Sunday, September 18, 2011

What Mitochondrial Disease Means to Me, Part I

Pain.  Did you know that a lot of people with Mitochondrial Disease are in pain all the time?  The neurological system and muscles require more energy than any other body systems.  Therefore, the lack of energy in the muscles cause a lot of pain.  Imagine what you feel like 1-2 days after the hardest weight lifting workout you've ever done.  That's mito muscle pain.

I posted that exact statement on Facebook tonight.  I am doing the same thing on FB that I'm doing here for Mitochondrial Disease awareness week.  I am so honored to see that multiple other people who are dealing with mito reposted, word for word, what I said about pain and mito.  To me, that just reiterates how true it is and how many people are going through exactly what I am.  It is so sad to me, though, that many of those who reposted it are mothers of children with mito who have to see their child in pain all the time.  I am thankful that I am the one in pain everyday, 24 hours a day, and not my children.

As an emergency room nurse, I never truly understood those in chronic pain.  Instead of looking at the patient, I would look at the amount of pain meds on their medication list and immediately form an opinion of them.  Considering that our patients had to tell us what medications they take on a daily basis almost right after they tell us their name, that opinion I formed based on their medication list ended up being my first impression of them.  I didn't take the time to think about why they take all of those pain medications.  I would immediately have a poor opinion of them because they "want to take narcotics".

Well, I have news for the old me, and any other ER nurse out there who looks down on or forms a poor opinion of people on pain medications, especially narcotics...  We don't want to take narcotics to relieve our pain, we have to.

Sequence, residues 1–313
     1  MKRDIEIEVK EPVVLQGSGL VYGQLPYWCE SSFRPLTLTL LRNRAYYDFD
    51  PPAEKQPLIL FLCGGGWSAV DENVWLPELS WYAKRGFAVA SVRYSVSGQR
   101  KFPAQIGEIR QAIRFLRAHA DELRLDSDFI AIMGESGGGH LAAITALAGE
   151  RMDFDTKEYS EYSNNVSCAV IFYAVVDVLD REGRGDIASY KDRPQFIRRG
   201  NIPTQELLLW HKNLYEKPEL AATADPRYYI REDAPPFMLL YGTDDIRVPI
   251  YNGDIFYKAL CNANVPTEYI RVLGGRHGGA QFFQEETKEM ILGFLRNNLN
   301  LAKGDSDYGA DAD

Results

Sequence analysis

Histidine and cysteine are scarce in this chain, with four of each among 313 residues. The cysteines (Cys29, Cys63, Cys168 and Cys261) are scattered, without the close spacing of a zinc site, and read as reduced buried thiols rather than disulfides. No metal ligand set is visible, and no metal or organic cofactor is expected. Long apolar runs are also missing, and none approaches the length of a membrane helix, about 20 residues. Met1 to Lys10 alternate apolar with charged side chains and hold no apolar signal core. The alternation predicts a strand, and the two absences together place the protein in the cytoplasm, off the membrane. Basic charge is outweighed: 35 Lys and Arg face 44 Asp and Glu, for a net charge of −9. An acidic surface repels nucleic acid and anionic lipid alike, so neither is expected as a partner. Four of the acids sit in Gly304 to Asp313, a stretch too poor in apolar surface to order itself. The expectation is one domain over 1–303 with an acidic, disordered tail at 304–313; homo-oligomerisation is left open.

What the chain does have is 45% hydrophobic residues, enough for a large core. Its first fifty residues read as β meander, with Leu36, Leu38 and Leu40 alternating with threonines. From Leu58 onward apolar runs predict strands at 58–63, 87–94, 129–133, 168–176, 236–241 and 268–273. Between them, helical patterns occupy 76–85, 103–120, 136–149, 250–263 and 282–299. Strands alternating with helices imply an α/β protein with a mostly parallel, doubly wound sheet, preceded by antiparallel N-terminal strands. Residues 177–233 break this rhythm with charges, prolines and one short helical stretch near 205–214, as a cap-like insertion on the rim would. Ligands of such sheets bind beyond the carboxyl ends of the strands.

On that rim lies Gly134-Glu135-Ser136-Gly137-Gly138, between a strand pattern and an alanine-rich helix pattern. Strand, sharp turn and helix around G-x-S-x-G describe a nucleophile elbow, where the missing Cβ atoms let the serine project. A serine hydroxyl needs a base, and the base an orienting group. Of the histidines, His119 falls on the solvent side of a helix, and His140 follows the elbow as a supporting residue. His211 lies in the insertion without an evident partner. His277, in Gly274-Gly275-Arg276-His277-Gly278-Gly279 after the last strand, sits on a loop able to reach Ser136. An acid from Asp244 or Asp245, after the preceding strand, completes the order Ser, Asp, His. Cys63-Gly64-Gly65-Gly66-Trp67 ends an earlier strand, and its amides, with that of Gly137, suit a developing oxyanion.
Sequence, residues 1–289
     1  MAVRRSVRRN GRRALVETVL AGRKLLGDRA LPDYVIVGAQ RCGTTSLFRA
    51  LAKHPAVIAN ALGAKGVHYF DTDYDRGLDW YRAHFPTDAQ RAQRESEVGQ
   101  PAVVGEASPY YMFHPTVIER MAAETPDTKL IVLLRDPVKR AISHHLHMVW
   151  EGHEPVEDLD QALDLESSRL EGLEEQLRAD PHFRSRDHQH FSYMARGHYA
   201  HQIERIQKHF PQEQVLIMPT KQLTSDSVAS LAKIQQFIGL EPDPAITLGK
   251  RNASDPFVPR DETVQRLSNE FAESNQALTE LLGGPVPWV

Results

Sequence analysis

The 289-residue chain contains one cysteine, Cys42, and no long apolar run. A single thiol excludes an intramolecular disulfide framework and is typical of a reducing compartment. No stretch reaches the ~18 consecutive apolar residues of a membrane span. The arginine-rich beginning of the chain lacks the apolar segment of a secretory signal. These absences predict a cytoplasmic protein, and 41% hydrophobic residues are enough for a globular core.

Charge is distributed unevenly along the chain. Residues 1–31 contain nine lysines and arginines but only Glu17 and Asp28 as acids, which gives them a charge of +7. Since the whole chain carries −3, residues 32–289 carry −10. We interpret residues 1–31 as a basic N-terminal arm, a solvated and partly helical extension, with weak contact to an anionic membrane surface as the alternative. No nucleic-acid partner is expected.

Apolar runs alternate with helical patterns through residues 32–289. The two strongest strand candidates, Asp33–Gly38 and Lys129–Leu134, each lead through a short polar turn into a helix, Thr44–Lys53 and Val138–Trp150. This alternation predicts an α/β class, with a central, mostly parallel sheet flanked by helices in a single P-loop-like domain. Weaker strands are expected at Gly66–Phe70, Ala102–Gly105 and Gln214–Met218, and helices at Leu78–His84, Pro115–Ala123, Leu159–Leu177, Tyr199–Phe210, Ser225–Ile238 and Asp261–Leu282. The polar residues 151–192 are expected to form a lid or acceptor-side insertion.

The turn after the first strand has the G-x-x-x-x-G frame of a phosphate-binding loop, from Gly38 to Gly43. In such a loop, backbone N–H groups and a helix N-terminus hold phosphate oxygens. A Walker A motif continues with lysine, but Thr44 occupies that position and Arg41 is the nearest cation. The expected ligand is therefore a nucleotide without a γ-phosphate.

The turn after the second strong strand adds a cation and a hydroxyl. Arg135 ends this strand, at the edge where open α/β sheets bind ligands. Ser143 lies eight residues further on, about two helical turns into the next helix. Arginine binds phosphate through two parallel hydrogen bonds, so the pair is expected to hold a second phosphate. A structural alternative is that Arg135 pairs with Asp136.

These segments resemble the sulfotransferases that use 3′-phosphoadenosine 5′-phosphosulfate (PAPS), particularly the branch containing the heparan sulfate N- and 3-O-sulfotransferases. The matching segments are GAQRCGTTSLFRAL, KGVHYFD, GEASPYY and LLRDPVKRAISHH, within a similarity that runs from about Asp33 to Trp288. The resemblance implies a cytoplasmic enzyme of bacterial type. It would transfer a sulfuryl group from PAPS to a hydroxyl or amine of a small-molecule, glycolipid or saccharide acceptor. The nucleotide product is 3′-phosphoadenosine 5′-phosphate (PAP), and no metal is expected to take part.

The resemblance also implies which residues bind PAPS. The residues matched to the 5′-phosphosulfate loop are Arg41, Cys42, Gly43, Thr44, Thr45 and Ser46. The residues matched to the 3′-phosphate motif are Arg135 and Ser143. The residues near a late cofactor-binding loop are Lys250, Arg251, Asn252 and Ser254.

I have tried everything.  I have tried heat, ice, non-narcotic pain relievers, icy-hot, massage, relaxation techniques, screaming expletives, over the counter pain relievers, hitting myself in a part of my body that I don't have pain so I won't think about the pain I do have, and, of course, eating excessive amounts of ice cream and pizza (and a bunch of things that I can't remember).  They all work, but not enough.  When my pain is a 6 on a 1-10 scale, almost all the time, those things just don't do it.

I think if pain was my only problem, I may be able to make all of those things combined work.  However, as you'll see over the course of the next week, pain is far from my only problem.   Fatigue is my biggest problem secondary to pain.  And, as anyone with pain will tell you, pain is always 10 times worse when you are fatigued.  In addition to that, pain can be tolerated well when experienced in short periods of time.  But, my pain never goes away.  I am thrilled if I can get my pain below a 2 or 3.

Pain can be anywhere.  My pain is just about everywhere.  Well, really, it's just in one place... my muscles.  However, muscles are everywhere.  As I can say that I have pain in 75% of the muscles in my body, my pain is bad in just a few places.  Of course, I say "just a few" like it's not that many, then I start to list them off and it definitely sounds like more than "just a few".  My worst pain is in the back of my neck and head which causes a headache all over if I don't keep it under control, my pelvic muscles, upper legs, and butt... oh, excuse me, gluteus maximus.  Every now and then I have pain in my back, chest, abdomen, and upper arms.  That pain is not as constant as the pain in the areas I mentioned first.  You may notice that I walk a bit different than I used to.  That is because of both the pain and weakness equally.